Monday, 27 February 2012
WS - Role of Feedback
With any media product feedback is essential to make sure it is the best it possibly can be and to ensure that it is suitable for the target audience. It also increases the chance that any mistakes will be picked up on and gives an unbiased opinion on how the product can be improved. It is also beneficial in that it gives you increased options in what to do, as you receive new ideas but you don't have to use them.
There are an increasing number of ways to receive feedback on media products due to the advances in technology and digitisation. We are fortunate that our primary target audience is 15-24 as this allows us to get feedback from our fellow class members very simply. They are also in a similar position in trying to make their own videos and so understand the issues involved, what is realistic and what is out of range for what we can achieve. With a combination of males and females in the class we received feedback from both genders on our work. The age of this feedback group was 17 or 18 so quite in the middle of our primary target audience meaning we got a balance between the younger end of the range, but also some insights into how the older and more mature people of our Target Audience may respond. This was our main source of feedback.
To get our work out to a wider audience we also made use of the advancing technology and equipment/websites that were available to us. The main one of these was YouTube where all of our sample scenes/rough cuts were posted. This allowed a wider range of people to view our work, both fellow students from other schools doing similar courses and general people who may be interested. By using the tag tool on YouTube we also increased the chances of the work being seen by people searching for the song, band or anything connected with our video by the tags that we included when uploading. This method of receiving feedback also led to us getting valuable feedback from a past student who went through this process last year.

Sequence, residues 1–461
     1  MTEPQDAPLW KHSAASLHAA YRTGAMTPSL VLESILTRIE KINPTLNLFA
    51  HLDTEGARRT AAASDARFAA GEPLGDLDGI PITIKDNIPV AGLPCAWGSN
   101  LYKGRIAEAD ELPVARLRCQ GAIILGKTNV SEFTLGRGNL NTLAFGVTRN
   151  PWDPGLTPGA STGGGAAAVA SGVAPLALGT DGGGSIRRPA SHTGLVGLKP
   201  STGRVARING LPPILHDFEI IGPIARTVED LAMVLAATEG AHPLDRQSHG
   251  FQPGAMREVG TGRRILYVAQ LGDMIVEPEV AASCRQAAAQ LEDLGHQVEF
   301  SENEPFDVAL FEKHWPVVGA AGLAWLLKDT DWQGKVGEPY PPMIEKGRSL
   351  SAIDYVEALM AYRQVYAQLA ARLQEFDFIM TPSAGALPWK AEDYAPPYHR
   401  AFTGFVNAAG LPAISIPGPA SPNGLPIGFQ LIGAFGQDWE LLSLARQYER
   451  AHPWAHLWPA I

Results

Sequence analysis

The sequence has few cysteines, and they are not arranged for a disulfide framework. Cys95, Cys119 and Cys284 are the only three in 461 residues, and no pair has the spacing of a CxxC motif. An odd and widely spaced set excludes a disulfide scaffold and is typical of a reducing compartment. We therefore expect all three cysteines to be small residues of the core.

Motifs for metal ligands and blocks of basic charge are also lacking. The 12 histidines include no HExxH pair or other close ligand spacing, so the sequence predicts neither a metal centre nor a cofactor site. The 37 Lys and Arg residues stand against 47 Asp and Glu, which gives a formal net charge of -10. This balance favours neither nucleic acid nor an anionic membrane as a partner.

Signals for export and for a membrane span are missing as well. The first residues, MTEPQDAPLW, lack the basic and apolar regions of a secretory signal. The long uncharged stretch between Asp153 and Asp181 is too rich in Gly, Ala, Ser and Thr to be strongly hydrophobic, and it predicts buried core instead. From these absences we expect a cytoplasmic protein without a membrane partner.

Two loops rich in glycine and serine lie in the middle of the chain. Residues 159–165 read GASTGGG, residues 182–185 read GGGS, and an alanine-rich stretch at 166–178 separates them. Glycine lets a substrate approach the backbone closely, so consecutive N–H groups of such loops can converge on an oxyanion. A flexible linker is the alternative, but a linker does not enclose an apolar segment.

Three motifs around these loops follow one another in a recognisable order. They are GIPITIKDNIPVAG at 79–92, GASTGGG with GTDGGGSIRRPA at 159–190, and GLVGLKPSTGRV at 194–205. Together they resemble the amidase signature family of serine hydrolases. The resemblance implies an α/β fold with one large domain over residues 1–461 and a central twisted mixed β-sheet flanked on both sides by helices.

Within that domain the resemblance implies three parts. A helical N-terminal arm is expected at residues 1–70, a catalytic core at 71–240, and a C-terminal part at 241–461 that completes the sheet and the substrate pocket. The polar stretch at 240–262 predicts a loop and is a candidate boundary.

Early in the course shortly after forming our group we created a Facebook and Twitter page so that people could "like" or "Follow" to keep up with any updates we wanted to give out. We took advantage of these by posting sample scenes or rough cuts early in the production process to allow any fans to see what we were doing and how our sample footage was coming on. By posting them we gave fans the opportunity to feedback and give any advice they felt might help us. This allowed us to request feedback from a wider target audience extending, unlike the class feedback, to our secondary target audience. This was also the case with the feedback on You Tube.